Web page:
On the other side, a post at FromTheWilderness.com examines many of the fields considered to be “abiotic” proof, and finds them wanting. This post also has found a special place in my heart because of this:
While everyone is free to form his or her own opinion, when people start talking about a conspiracy of scientists to cover up the supposed abiotic origin of oil, then all an honest scientist can do is to shrug her or his shoulders and say that he or she is not aware of any such conspiracy. In fact, such a contention makes numerous logical errors; based on the logical fallacies listed at http://www.nizkor.org/features/fallacies/index.html, I can count at least 17 errors of logic frequently made by those who argue that the biological origin of oil is a conspiracy. Such errors of logic are the province of a politician, not a scientist.
Back to the Oil Drum post, they recommend reading Richard Heinberg’s The “Abiotic Oil” Controversy, which I wholeheartedly recommend as well. Heinberg makes a very well-thought out, reasonable argument, and here’s the summation of his take-home point:
There is no way to conclusively prove that no petroleum is of abiotic origin. Science is an ongoing search for truth, and theories are continually being altered or scrapped as new evidence appears. However, the assertion that all oil is abiotic requires extraordinary support, because it must overcome abundant evidence, already cited, to tie specific oil accumulations to specific biological origins through a chain of well-understood processes that have been demonstrated, in principle, under laboratory conditions.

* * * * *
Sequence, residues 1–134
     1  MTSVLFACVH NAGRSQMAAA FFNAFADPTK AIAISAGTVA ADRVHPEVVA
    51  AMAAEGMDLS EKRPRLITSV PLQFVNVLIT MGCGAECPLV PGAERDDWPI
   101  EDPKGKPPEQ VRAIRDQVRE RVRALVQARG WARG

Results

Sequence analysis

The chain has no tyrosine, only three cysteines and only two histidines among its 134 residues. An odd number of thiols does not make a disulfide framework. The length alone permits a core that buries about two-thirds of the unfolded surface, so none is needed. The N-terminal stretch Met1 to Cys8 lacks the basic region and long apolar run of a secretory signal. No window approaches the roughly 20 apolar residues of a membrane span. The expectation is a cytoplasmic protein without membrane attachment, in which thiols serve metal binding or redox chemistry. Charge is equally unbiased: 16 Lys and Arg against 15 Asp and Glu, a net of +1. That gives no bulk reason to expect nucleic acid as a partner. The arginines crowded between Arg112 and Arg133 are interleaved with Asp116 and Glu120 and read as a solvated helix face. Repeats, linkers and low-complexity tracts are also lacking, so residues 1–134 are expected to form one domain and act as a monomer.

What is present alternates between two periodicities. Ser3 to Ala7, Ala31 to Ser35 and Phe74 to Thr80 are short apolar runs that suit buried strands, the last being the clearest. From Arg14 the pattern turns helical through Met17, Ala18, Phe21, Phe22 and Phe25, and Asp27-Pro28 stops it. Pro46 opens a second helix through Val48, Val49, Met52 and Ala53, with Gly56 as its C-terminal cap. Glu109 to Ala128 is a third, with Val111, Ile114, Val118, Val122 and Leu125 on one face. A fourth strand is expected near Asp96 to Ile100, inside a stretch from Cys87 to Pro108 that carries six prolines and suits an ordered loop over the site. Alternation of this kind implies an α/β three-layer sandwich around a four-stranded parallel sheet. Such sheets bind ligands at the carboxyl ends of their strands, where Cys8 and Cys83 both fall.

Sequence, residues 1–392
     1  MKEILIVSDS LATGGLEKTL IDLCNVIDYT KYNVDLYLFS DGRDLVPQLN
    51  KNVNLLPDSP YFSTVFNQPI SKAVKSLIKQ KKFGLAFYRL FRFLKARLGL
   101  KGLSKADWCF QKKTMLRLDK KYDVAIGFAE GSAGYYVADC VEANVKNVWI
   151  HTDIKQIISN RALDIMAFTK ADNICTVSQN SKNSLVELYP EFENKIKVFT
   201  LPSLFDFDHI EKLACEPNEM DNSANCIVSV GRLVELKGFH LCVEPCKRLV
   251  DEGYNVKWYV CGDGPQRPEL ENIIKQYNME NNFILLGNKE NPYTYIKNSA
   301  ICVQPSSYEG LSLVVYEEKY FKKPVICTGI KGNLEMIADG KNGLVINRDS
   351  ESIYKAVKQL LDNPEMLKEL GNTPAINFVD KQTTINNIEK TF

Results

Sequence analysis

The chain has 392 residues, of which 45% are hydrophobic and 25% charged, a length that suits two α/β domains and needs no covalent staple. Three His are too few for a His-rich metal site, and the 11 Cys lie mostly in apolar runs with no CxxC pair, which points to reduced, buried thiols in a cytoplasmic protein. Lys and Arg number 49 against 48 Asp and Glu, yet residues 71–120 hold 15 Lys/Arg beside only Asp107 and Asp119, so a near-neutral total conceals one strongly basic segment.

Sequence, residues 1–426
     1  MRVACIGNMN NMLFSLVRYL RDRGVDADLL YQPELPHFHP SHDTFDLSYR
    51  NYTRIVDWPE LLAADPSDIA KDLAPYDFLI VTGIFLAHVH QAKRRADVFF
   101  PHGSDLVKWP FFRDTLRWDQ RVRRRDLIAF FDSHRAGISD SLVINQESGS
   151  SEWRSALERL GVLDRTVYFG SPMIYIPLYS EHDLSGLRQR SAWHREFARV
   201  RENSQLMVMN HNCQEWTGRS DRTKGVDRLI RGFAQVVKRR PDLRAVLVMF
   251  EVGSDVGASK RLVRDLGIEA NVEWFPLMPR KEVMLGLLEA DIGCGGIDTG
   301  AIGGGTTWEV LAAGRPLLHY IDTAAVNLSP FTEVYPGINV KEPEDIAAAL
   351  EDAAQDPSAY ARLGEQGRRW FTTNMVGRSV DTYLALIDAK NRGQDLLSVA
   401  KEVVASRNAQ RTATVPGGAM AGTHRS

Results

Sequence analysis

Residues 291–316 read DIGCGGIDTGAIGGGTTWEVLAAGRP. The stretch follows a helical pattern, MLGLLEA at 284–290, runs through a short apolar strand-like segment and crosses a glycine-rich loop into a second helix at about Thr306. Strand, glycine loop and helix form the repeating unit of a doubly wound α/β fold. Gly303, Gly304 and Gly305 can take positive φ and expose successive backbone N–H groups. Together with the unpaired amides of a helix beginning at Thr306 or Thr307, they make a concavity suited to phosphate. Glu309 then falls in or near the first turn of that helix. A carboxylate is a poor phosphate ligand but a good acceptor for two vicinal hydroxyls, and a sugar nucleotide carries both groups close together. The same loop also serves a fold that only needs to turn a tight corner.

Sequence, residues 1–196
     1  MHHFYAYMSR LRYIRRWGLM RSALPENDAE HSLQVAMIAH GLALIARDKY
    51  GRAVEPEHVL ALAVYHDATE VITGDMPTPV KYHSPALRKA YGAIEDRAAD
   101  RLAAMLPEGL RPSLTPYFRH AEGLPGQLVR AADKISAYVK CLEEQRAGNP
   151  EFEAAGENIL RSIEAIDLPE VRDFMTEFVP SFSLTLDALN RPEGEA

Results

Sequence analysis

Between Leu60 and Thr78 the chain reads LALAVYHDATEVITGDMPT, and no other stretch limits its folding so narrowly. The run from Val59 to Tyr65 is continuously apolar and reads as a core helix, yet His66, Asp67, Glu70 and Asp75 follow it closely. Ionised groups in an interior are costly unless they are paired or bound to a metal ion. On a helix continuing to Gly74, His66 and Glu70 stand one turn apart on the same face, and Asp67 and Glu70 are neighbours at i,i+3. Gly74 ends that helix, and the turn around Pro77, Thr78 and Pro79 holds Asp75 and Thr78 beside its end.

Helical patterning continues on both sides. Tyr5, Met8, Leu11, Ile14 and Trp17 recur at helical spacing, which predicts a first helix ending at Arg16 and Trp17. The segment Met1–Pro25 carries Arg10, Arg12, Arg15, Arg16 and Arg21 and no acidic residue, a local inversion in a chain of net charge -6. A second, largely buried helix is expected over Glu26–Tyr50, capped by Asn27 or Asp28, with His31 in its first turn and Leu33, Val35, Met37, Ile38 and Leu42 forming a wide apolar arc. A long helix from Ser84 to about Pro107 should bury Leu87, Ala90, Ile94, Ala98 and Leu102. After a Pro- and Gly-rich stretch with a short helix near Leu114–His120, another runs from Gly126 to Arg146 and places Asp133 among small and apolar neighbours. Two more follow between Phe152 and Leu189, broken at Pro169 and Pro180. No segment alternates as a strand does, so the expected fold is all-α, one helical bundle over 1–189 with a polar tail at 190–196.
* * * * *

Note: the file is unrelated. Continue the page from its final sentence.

I don’t think it’s possible to, in detail, refute every claim of abiotic oil genesis. Because if nothing else, we don’t know everything there is to know about how most oil is generated, let alone how all of it is generated. And Heinberg makes another good point – even if we eventually reach the conclusion that some hydrocarbons are generated abiotically, this does not really change the energy crisis our dependence on fossil fuels is causing. He says:
What if oil were in fact virtually inexhaustible—would this be good news? Not in my view. It is my opinion that the discovery of oil was the greatest tragedy (in terms of its long-term consequences) in human history. Finding a limitless supply of oil might forestall nasty price increases and catastrophic withdrawal symptoms, but it would only exacerbate all of the other problems that flow from oil dependency—our use of it to accelerate the extraction of all other resources, the venting of CO2 into the atmosphere, and related problems such as loss of biodiversity. Oil depletion is bad news, but it is no worse than that of oil abundance.
To a certain extent, I think the attraction of the abiotic theory is that it means people can ignore the thought that we might some day (some very soon day) effectively run out of oil. But whether we can run out of oil or not changes nothing about the environmental damage we are causing by recklessly burning a natural resource that really deserves to be treated with more care.